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Fire Suppressant Foam Exposed Veterans to Toxic Chemicals

By Shaniqua Williams

Posted on September 13th, 2019

The Air Force has ignored decades of warnings from its own researchers that AFFF is highly toxic and the main cause of contaminated drinking water. Multiple studies found the firefighting foam likely carcinogenic and even an agreement between the EPA and the foam's main manufacturer to phase out the substances did not curtail the Air Force's usage.

When using the firefighter foam to put out fires, chemical components seep into soils and sediments and into groundwater that may be used as drinking water and stay there. Not long ago, Pentagon officials released for the first time a list of more than 126 military installations where it had found levels of cancer-causing chemicals higher than recommended in local water systems on military bases and surrounding communities, prompting a host of mitigation efforts.

Service members, military families and neighboring communities dealing with water contaminated by the firefighting chemicals worry that years of exposure to the perfluorinated-based firefighting foam may have already done long-term harm. The International Agency for Research on Cancer classifies PFOA as a class 2B carcinogen with particular regard to kidney, testicular and pancreatic cancers.

Lawmakers Seek Solutions for Regulating PFAS Compounds

In the 1970s, the Department of Defense (DoD) began using firefighting foam for training exercises and equipment testing that has also resulted in the discharge of large volumes of AFFF. Thus, as of 2014, there were over 600 current or former military fire training sites, all of which likely contaminated with toxic chemicals. At issue is the use of perfluoroalky and polyfluoroalkyl substances - more commonly known as PFAS. Later, the Department of Defense recognized that the release of PFAS into the environment is a major source of groundwater contamination on military bases.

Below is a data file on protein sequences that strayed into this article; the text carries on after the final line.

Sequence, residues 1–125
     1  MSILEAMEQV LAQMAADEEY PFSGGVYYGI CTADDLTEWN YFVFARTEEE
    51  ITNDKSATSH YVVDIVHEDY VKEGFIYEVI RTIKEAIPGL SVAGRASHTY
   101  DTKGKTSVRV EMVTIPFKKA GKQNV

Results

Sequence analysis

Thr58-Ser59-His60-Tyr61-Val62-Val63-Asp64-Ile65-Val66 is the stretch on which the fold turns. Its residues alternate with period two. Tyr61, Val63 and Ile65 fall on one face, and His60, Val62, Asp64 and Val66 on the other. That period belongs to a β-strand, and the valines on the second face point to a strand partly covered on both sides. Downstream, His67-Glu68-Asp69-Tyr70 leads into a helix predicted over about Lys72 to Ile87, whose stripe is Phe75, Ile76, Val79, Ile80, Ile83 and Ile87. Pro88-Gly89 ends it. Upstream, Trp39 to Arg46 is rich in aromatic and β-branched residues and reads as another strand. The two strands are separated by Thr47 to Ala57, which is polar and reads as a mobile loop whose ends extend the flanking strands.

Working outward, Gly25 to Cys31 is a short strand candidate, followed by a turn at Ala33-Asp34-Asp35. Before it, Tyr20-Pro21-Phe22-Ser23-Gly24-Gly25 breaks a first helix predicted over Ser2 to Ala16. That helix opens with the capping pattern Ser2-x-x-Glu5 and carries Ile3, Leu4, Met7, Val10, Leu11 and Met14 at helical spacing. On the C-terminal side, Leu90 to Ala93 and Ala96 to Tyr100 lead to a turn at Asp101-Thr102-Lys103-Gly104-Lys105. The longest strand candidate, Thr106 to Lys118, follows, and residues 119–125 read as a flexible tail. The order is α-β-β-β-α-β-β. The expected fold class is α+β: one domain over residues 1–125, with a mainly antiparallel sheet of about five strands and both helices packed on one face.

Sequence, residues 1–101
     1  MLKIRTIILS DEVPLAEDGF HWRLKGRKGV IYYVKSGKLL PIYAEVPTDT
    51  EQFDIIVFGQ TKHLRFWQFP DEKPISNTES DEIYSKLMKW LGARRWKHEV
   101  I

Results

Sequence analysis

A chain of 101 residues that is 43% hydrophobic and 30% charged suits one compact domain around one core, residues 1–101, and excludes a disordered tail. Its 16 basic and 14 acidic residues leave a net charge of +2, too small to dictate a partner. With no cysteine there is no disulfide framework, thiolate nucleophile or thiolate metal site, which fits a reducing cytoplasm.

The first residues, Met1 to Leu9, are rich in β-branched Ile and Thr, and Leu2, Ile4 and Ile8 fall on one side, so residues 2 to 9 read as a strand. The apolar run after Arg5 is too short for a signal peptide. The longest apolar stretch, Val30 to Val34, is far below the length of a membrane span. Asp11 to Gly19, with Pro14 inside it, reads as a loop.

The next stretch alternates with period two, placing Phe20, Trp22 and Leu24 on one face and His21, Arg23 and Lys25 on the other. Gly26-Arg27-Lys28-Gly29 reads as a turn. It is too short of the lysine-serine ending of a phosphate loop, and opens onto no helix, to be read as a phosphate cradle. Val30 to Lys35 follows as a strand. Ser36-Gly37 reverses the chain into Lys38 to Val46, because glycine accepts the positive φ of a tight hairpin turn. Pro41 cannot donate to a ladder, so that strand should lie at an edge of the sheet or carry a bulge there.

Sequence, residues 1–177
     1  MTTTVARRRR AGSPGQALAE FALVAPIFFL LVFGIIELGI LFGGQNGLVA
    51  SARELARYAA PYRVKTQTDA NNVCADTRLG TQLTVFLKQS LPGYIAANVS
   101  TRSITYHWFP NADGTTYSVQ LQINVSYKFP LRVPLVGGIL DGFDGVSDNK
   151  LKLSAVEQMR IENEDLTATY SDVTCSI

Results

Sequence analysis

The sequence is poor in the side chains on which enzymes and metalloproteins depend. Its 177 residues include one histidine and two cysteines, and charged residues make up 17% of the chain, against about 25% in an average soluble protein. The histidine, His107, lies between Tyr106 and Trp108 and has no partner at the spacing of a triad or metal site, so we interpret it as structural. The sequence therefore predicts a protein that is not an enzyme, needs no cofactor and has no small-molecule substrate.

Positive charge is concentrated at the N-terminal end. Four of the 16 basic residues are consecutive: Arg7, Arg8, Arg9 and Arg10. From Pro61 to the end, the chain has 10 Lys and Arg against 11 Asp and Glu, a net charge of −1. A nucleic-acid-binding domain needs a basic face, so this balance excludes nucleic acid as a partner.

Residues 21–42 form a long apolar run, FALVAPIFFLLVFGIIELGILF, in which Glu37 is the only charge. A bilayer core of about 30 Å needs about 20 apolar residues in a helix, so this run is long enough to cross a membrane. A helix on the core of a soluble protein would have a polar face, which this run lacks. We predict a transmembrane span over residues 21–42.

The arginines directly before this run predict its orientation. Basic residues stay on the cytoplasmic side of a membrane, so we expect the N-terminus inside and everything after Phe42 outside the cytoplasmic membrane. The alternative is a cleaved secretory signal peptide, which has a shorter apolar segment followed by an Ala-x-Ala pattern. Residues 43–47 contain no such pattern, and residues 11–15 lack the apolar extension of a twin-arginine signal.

The plan proposed by the Senate is to stop using toxic firefighting foam in almost all training activities and ban them altogether over the next decade under legislation unveiled recently. PFAS-laden foam could only be used in an emergency fire situation, and only until fluorine-free firefighting agents can be found. House lawmakers require the military to stop buying the toxic PFAS-laden foam as early as October 1, 2022, and prohibit its use in military installations by October 1, 2023, with the exception of ocean-going vessels. The Senate bill would also require PFAS manufacturers and importers to provide data to the EPA about production volumes and exposure to the chemicals. By the end of this year, the agency will work to set enforceable limits on per- and poly-fluoroalkyl substances but how long it will take to protect people from the contaminants' harmful effects isn't clear yet. Until now, the EPA has publicly reported water tests that show levels of certain PFAS chemicals exceeding 70 parts per trillion. But many experts argue that this level is far too high - based on the project launched by the CDC new toxicology analysis of PFAS.

Health Care for Veterans Harmed by PFAS Chemicals

Members of the U.S. Senate and PFAS Task Force introduced legislation to ensure that veterans and their families exposed to PFAS chemicals at military installations get the health care services and benefits they need through the U.S. Department of Veterans' Affairs (VA).

The veterans exposed to the toxic chemicals would require the VA to cover treatment for any health condition linked to the chemicals which were used in firefighting foams. Consequently, under this bill, veterans exposed to PFAS chemical contamination as a consequence of their public service are eligible for disability payments and medical treatment from the VA.

In order for any VA disability claim for service connection to be successful, veterans must provide evidence of:

  • A current diagnosis reported in medical records
  • An in-service event, injury or illness
  • A link between the veteran's current diagnosed disability and an in-service event, injury, or illness

Have You Been Affected by PFAS Contamination? We Are Ready To Stand Up For You

According to EPA, PFAS can be detected in the blood of most people exposed to the substances. Service members and veterans have begun asking the military for blood testing to determine the presence of such chemicals.

If you are a veteran exposed to toxic PFAS as a consequence of your public service, you are eligible for compensation from the VA or from a class-action lawsuit. These lawsuits include product liability claims for unsafe AFFF products, and failure to warn the State and users of their risks. The goal of the federal class-action suits is to hold massive corporations accountable for the harm they've caused and to help residents and veterans exposed to harmful PFAS receive the medical attention they need.

Following an AFFF claim, you will have sufficient evidence in your case that could also help you process your VA application quickly and favorably.